August 1, 2012
Interviewed by: David Snow
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The Maturation of PE in Brazil

The next 10 years of private equity in Brazil will be “much better than the past 10 years,” argues Fernando Borges, a current Vice President of ABVCAP as well as Managing Director and Head of South America for the Buyout Group of The Carlyle Group.

In an exclusive Privcap interview, Borges describes the industry’s evolution from an initial bad spell in the 1990s to a new era after 2007. Other topics: the importance of local stock markets to private equity exits, how GPs have more ways to make money now, how Brazil’s huge under-40 population drives growth and how a tax-law change is one of ABVCAP’s biggest accomplishments.

The next 10 years of private equity in Brazil will be “much better than the past 10 years,” argues Fernando Borges, a current Vice President of ABVCAP as well as Managing Director and Head of South America for the Buyout Group of The Carlyle Group.

In an exclusive Privcap interview, Borges describes the industry’s evolution from an initial bad spell in the 1990s to a new era after 2007. Other topics: the importance of local stock markets to private equity exits, how GPs have more ways to make money now, how Brazil’s huge under-40 population drives growth and how a tax-law change is one of ABVCAP’s biggest accomplishments.

Privcap: Why is not an attractive time for private equity in Brazil?

Fernando Borges, ABVCAP; The Carlyle Group: First, we need to understand that the private equity in Brazil is still very young and we went through cycles. So we had the first cycle until late ’90s, where we had a lot of money invested, but the macroeconomic fundamentals were not there. The way people did private equity was very different. No local presence, most of them.

So what happened was it was very bad for the industry. Nobody made money. Everybody left.

Then we went to the second cycle, which is from 2002 to 2006. Very few players remain. Market fundamentals improved a bit, but we didn’t see a lot of views or a lot of players investing.

And then we came to this new era of private equity that started in 2007 where we see a lot of money, raise it, a lot of new players, local and international players, and managers start to get track record and then they continue to raise more money. And more important, the macroeconomic fundamentals are there. So people started looking to the country because the country was growing, because of the politicoeconomic climate, this large, growing middle class. People buying more stuff. So that’s the private equity area that we’re seeing now.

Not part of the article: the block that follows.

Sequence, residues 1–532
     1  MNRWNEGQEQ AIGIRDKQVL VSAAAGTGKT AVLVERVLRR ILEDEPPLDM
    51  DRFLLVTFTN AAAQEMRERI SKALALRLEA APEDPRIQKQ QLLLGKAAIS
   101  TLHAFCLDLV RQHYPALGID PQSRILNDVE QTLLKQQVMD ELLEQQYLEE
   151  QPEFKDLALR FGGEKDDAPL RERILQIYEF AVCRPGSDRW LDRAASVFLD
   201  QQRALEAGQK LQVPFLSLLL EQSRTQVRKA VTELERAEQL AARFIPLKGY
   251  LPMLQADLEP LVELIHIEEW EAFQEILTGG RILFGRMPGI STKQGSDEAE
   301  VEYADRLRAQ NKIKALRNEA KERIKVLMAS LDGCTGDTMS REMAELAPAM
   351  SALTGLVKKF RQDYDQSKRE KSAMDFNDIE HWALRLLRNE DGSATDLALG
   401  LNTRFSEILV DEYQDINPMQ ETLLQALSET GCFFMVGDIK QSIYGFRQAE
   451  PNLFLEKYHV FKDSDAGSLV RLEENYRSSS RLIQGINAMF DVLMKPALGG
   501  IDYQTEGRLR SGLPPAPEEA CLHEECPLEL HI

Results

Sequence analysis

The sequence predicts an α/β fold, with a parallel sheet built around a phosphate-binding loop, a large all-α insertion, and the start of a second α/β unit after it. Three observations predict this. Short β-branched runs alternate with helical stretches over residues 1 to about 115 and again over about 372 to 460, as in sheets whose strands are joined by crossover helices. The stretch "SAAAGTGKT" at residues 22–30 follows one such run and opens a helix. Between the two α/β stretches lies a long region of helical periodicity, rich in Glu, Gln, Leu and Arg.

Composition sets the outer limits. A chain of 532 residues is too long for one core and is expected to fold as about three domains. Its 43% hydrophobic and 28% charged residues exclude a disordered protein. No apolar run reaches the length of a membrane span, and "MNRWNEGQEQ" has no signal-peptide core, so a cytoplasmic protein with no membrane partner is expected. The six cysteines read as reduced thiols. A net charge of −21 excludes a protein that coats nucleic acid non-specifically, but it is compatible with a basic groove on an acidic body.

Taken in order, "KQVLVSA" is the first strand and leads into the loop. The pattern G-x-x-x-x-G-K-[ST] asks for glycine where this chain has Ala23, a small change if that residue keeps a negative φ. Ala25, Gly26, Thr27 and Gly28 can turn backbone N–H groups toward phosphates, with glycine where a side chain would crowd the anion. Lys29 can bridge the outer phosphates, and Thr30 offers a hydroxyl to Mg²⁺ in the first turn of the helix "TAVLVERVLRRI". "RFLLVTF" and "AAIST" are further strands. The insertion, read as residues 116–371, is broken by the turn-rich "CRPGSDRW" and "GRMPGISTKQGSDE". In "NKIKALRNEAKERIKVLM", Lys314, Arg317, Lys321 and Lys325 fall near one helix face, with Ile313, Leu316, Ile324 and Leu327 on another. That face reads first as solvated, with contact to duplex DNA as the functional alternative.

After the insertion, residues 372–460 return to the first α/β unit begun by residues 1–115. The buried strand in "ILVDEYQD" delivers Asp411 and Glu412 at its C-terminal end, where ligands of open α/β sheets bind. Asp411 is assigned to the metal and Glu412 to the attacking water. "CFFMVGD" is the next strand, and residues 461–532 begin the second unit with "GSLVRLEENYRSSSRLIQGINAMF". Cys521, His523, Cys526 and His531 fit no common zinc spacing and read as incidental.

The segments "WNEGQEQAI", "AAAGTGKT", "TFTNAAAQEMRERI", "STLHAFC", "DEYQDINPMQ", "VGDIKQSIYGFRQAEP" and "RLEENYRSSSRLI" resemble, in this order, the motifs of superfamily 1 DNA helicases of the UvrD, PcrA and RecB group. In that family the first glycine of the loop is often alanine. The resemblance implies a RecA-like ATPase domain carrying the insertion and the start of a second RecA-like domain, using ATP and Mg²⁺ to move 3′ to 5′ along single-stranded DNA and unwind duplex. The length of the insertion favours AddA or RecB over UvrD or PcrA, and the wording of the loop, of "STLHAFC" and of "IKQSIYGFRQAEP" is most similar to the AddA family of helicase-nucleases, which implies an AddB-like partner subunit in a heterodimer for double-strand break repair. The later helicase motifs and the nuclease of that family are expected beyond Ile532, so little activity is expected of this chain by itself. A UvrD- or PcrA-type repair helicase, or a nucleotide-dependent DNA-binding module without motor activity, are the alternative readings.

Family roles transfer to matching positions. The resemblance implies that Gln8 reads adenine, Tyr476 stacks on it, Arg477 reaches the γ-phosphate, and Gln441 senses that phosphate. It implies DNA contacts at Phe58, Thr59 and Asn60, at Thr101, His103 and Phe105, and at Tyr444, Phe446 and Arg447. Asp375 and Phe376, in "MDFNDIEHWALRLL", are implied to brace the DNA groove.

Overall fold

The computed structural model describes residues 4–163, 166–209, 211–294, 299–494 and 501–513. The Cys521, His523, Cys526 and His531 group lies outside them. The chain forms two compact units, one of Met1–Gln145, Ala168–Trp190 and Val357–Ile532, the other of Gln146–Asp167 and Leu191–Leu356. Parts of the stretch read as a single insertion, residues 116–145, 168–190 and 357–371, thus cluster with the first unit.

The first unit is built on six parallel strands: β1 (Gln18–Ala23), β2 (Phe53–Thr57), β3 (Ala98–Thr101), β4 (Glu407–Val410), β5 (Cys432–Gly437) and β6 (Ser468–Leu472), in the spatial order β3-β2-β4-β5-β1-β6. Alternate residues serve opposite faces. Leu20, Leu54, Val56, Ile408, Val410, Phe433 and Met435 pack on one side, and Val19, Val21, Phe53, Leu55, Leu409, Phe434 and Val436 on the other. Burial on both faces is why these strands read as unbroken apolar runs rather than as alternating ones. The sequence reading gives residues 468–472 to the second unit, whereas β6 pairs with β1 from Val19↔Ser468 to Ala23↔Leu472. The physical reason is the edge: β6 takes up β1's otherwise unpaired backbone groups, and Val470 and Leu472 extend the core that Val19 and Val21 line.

And for investors in this industry, I think what makes this cycle now more attractive is that in the past, the only way to make money was buying cheap because there were no growth, very hard to improve the companies operationally, no leverage. So the only way to make money in private equity was true arbitration– buying cheap, selling expensive. This cycle we have today, you have the possibility of making money, of growth, because we see companies are taking advantage of this growth of middle class and people buying more stuff. Leverage is expensive, but it’s possible.

More importantly, operation improvement. We see companies that, despite the size they have, you see that you can go there, add value, and they can become much better companies in terms of operational efficiency. And the mood for arbitration is still possible. Even though the multiples went up, it’s still possible to have some arbitration there. So today, it’s much easier to make money in private equity. And so that’s why I think the next 10 years of private equity will be much better than the last 10 years.

Privcap: How does the Brazilian consumer figure in to the private equity investment thesis in the country?